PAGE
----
Laura Lippman is a well-known name in mystery-writers circles, and her tales of Tess Monaghan the reluctant P-I, written between 1997 and 2008, were hugely popular. However, over the last several years, she’s written a series of stand-alone books that didn’t involve the beloved detective. Her latest book, Hush Hush, brings us back to Tess’ life. In celebration, William Morrow Publishing has reissued the first of the Tess series, Baltimore Blues.
We are introduced to Tess as a downsized reporter, approaching 30, living above her aunt’s bookstore and working part-time there and part-time for her uncle, who pays her out of his own pocket. She’s spinning her wheels in many areas–career, love, and even exercise, where she’s an enthusiastic but ultimately undisciplined rower who nonetheless faithfully works out every morning on the bay. This has led to a friendship with Darryl Paxton, known as The Rock, a nationally-ranked rower who’s become her friend.
When The Rock asks her to spy on his fiance, Tess is uncomfortable but needs the money. She soon finds out that the unsympathetic Ava is as unsavory as she seems, but her decision on how to confront The Rock with this knowledge leads to more trouble. Tess concocts a plan in which Ava is the one to break the bad news, but this backfires when an upset Rock goes to confront the objectionable lawyer Michael Abramovitz, and he’s later found dead in his office. Of course Rock is arrested and charged. He hires another rower as his lawyer, a former Olympic medalist now in a wheelchair, who hires Tess to do some busy-work for him, little realizing how this will change her life.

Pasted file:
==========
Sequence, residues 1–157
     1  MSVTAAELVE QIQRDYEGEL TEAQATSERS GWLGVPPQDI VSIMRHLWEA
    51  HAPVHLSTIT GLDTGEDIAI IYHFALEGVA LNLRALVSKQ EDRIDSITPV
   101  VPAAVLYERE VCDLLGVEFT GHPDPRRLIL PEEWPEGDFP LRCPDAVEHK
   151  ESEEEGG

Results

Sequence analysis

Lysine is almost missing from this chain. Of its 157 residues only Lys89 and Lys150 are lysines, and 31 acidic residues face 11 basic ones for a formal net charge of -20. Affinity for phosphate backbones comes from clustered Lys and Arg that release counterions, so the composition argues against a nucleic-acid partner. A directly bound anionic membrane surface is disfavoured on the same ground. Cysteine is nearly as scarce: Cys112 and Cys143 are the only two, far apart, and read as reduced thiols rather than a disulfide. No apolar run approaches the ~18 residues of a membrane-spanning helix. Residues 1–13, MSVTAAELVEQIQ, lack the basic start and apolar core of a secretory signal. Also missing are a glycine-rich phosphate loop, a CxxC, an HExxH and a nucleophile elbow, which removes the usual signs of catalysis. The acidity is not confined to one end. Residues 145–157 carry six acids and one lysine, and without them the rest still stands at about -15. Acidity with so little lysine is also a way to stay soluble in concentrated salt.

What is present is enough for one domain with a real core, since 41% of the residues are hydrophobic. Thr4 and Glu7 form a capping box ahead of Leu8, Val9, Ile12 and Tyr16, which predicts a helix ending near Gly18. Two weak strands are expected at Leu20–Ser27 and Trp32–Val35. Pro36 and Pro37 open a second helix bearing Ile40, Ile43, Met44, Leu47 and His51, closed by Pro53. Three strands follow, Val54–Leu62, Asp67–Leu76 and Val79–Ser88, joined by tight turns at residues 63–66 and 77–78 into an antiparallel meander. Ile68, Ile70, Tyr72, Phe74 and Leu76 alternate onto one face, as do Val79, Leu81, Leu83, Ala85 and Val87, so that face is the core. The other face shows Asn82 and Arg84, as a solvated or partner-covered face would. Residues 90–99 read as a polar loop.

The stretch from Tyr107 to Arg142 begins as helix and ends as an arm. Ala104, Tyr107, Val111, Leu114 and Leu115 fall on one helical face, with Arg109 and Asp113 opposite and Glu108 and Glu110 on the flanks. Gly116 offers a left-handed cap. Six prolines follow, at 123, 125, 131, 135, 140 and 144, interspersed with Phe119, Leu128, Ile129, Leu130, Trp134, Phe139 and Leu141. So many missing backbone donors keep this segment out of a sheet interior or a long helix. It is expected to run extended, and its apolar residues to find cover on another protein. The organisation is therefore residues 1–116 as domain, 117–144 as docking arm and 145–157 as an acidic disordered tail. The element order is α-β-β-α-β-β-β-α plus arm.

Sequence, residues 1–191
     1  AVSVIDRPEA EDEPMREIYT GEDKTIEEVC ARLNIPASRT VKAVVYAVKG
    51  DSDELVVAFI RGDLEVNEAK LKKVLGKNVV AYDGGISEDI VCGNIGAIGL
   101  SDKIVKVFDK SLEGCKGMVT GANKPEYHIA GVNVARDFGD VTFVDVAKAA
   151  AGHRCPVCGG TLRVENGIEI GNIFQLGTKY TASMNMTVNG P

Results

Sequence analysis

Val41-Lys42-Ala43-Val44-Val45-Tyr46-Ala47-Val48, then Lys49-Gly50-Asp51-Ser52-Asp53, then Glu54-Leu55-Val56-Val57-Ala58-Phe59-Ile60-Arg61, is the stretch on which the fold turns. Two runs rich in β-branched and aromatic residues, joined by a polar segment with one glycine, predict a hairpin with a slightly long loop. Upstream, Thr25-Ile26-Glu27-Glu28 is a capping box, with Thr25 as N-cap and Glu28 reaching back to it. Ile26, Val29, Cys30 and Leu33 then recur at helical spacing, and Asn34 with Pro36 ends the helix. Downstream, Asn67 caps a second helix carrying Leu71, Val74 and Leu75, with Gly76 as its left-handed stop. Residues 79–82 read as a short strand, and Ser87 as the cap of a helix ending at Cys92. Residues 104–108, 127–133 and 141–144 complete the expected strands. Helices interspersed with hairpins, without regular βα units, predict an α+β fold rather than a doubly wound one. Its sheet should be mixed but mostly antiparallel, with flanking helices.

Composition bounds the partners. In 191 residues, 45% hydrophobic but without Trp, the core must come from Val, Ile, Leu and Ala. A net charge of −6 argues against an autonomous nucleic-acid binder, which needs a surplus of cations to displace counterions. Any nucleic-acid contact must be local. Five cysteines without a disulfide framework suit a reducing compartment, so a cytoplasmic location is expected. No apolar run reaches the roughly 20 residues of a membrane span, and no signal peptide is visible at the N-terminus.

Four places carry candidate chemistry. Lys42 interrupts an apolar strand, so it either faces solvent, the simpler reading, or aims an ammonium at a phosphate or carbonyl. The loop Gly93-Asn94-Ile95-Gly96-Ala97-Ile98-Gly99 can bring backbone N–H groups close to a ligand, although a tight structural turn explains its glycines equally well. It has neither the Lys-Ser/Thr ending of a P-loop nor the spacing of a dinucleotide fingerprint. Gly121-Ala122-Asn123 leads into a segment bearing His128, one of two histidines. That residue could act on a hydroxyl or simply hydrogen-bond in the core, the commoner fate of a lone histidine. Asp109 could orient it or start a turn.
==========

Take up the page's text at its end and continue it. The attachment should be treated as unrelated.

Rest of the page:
Tess is convinced of her friend’s innocence, but things look very bleak indeed, especially as Rock admits to physically assaulting the man. She begins her own investigation, digging deep into Abramovitz’s past and doing some light breaking and entering, never realizing she might be endangering those around her.
The novel has a somewhat uneven start, noticeable because Lippman has become a much better writer with time and practice, but things soon pick up, characters develop, and the book becomes hard to put down. Tess is likeable from the start. It’s fun to watch her begin to use her skills gained as a reporter to uncover things, and her instincts to make the right guesses and follow the right leads. The city itself is almost another character in the novel, and Tess has to put her knowledge of the place to use time and again to get what she wants.
Baltimore Blues is an excellent first novel. This edition also includes a brief interview with the author in the back, and it was fascinating to read her account of how she began to write novels in the first place.